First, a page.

Antonio Inoki, a Japanese wrestler best known for fighting Muhammad Ali to a draw in a mixed martial arts match and who also used his showmanship to win fame and influence in North Korea, Iraq and Pakistan, died on Saturday in Tokyo. He was 79.
New Japan Pro-Wrestling, a wrestling company that Mr. Inoki had founded, announced that the cause was amyloidosis, a rare organ disease.
Mr. Inoki had the jutting chin of a wartime dictator but also wore a red scarf with the panache of a French New Wave filmmaker.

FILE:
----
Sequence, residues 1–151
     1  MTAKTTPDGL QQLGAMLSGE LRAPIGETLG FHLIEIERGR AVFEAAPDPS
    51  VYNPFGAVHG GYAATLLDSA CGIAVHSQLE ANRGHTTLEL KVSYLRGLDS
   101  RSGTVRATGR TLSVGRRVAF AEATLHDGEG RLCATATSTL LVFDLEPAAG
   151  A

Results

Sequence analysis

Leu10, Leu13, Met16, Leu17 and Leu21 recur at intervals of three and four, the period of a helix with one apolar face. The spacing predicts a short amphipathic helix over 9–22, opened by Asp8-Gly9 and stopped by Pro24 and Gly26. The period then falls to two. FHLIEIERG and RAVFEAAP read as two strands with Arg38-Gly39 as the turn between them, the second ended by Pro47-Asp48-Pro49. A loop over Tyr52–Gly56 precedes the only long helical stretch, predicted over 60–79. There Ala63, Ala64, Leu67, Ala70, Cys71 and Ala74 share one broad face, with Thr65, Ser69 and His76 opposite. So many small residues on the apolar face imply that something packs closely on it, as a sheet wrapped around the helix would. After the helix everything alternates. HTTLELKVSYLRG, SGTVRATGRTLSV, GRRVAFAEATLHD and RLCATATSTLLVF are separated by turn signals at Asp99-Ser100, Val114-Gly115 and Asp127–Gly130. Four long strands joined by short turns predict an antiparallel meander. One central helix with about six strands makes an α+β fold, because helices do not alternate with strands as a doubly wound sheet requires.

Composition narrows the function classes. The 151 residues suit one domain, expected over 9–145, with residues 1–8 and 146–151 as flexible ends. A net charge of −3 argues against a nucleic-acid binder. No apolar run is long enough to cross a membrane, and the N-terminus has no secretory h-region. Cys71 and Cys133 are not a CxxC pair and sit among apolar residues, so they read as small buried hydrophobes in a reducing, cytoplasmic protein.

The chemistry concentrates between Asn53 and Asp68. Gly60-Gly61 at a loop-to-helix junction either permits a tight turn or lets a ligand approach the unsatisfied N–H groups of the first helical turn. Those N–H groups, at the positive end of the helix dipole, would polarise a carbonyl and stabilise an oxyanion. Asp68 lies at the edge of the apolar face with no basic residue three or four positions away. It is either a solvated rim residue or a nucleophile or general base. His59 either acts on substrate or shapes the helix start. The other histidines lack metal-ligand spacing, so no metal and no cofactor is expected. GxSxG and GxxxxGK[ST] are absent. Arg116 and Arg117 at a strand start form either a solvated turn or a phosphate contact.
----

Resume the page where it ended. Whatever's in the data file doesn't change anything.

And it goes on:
He inhabited varying public roles with success. He developed a one-man foreign policy on trips around the world while a member of the Japanese parliament’s upper house. He built a reputation and a following in Pakistan by presenting himself when wrestling there as a convert to Islam. And he projected the image of a jovial jock when slapping fans and fellow celebrities in the face, a signature move intended to transfer some of his fighting spirit.